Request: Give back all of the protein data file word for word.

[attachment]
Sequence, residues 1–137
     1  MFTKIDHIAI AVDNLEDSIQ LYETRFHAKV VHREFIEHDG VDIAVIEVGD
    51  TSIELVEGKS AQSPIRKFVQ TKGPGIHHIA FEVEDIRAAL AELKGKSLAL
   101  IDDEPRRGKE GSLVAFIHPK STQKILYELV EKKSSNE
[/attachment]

Sequence, residues 1–137
     1  MFTKIDHIAI AVDNLEDSIQ LYETRFHAKV VHREFIEHDG VDIAVIEVGD
    51  TSIELVEGKS AQSPIRKFVQ TKGPGIHHIA FEVEDIRAAL AELKGKSLAL
   101  IDDEPRRGKE GSLVAFIHPK STQKILYELV EKKSSNE